Look and feel
The Nokia Lumia 820 is still surprisingly bulky and heavy, but not as cumbersome as the larger Lumia 920. We liked the rounded, coloured finish, but can appreciate it isn’t a design that everyone will love.
Ease of Use
A sharp and vibrant 4.3-inch touchscreen is perfectly responsive and spacious enough to enjoy browsing the web or apps. Windows Phone 8 proves very user-friendly, especially if you’re new to the world of smartphones.
The Lumia 820’s 8MP camera with Carl Zeiss lens takes pleasingly sharp photos. The usual excellent range of Nokia-branded apps makes up in part for the meagre selection on the Windows Market.
A 1.5GHz dual-core processor backed up with 1GB of RAM keeps everything running smoothly, whether you’re enjoying your media or playing games.
The Lumia 820 will comfortably last the day with plenty of use, and you can stream around seven hours of battery from a full charge before it finally dies.
Review by Sunetra Chakravati,11/23/2012 1:53:18 PM
Ease of use
Decent battery life;
Lighter than the Lumia 920;
Bright, crisp screen;
Excellent Nokia apps;
Still quite thick and heavy;
Windows Phone 8 lack of apps
Nokia’s Lumia 920 was, to put it mildly, a bit of a porker. Sporting one of the chunkiest designs of 2012, we were shocked at the sheer heft of the Lumia, even if we did gradually get used to that extra weight. The Lumia 820 is a slightly more compact model, sporting a 4.3-inch screen compared to the Lumia 920’s 4.5-incher, but it still packs a punch with its bulky build and thankfully retains most of the 920’s excellent features.
Big yellow monster
The Nokia Lumia 820 comes in a number of colours but our review model was a bright yellow beast that certainly stands out from the rest of the smartphone crowd. Some might love the vibrant design, others might think it looks like a kid’s toy. Personally we like the curved and colourful finish, which thankfully doesn’t get easily scuffed. It’s still a heavy little mobile, but not quite as hefty as the Lumia 920 (and a little slimmer to boot).
We struggled to prise the back cover off to access the precious innards, made tougher with our lack of fingernails, but eventually managed to pull it off. Inside you’ll find a removable battery as well as the Micro SIM slot. You also get a Micro SD memory card slot for expanding the 8GB of built-in storage, and you’ll definitely want to invest in a memory card if you love to download apps or carry your music collection around.
Things haven’t changed too much inside the Lumia 820 compared to its bigger bro, with the same 1.5GHz dual-core processor providing super-smooth performance. Windows Phone 8 runs like a dream, and all of the apps we tested loaded quickly and handled without a hitch. We were pleased to get over a full day’s battery life from the 820, even with plenty of emails, texts and social shenanigans, and you can stream around seven hours of video on a single charge too. The phone charges via Micro USB, and also supports wireless charging like the Lumia 920 (wireless charging pad sold separately).
Windows Phone 8 is as sociable as ever, with its People hub streaming your friends’ social updates into one handy place. You get the excellent Office app to stay productive on the move, and Nokia has thrown in plenty of its own software to maximise the Lumia 820’s usefulness. Nokia Maps is a great way to track your location and discover local services, and Nokia Drive is a voice navigation app for drivers. Nokia City Lens is another way of discovering good eateries etc in your local area, while Nokia Music is a completely free, ad-less service that allows you to download dozens of mixes and enjoy them offline.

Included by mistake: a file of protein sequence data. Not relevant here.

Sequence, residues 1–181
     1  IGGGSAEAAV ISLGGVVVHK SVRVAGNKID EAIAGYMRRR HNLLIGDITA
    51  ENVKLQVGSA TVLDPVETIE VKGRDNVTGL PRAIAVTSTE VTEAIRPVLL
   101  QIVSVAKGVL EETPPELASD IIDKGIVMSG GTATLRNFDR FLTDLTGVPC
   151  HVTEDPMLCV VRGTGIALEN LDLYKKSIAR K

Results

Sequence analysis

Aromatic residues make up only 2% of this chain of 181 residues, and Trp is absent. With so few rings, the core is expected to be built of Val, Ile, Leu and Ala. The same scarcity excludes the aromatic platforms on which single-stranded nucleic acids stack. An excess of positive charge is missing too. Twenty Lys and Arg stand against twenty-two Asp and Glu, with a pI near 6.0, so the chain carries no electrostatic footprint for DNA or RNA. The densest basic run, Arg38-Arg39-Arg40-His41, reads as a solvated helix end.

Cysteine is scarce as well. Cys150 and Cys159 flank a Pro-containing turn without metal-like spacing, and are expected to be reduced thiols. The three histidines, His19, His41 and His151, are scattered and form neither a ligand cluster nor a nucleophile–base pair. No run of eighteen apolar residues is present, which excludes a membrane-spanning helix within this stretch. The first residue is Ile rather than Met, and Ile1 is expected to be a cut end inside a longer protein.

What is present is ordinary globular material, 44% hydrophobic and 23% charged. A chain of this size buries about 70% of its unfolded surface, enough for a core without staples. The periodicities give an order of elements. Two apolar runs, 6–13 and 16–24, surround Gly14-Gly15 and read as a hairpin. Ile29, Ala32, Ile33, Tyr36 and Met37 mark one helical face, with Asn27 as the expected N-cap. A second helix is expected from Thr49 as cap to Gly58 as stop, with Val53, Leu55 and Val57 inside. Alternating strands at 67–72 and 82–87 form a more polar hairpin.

Bear in mind that the Windows Market is still pretty bare compared to its iOS and Android rivals, so app fans will be best off with a different OS – for the meantime at least.
The Lumia 820 supports 4G LTE, so if you’re plush enough to afford the contract you can download data at incredible speeds (fast enough to stream an HD movie without any kind of stuttering). Even on a standard 3G contract, the Lumia 820 is a nifty little web browser. Its 4.3-inch screen is responsive to every swipe and poke, allowing you to zoom and slide around large websites with ease. The panel is bright with excellent viewing angles, so you can clearly read even tiny text under the harshest glare. Photos and movies also look excellent thanks to the vibrant colour reproduction.
The 8MP Carl Zeiss lens may not have the same ‘PureView’ tag as the Lumia 920’s camera, but we still found the Lumia 820 took some good snaps. Hold down the physical shutter button on the right edge and the camera app loads up automatically. Give it another poke and the camera focuses and takes a shot. There’s a pause of around a second from pushing the shutter to each photo taking, so you’ll have to keep your hand steady to avoid blurring, but our pics were both bright and vibrant when viewed back on our monitor.
Our night shots came out well, without too much noise, although we did notice a lot of lens flare when the photo included bright lights such as street lamps. You'd have to play around with the camera settings to try and offset this. A flash can be used to take shots in dimly lit interiors.
An example of lens flare using the automatic camera mode
One quite impressive feature is SmartShoot, which essentially takes a quick succession of photos over three seconds and can then be used to paste the best expression (no blinking or gurning) from each person into a single perfect shot. The only problem is that you need to remember to switch on the feature, and then get everyone to hold still for the required amount of time.
Nokia’s Lumia 820 is a slightly more compact version of the Lumia 920 that still packs in most of its best features, including wireless charging and Nokia’s fantastic range of apps. The battery life is more forgiving than the Lumia 920’s too, giving you a full day of use from a single charge.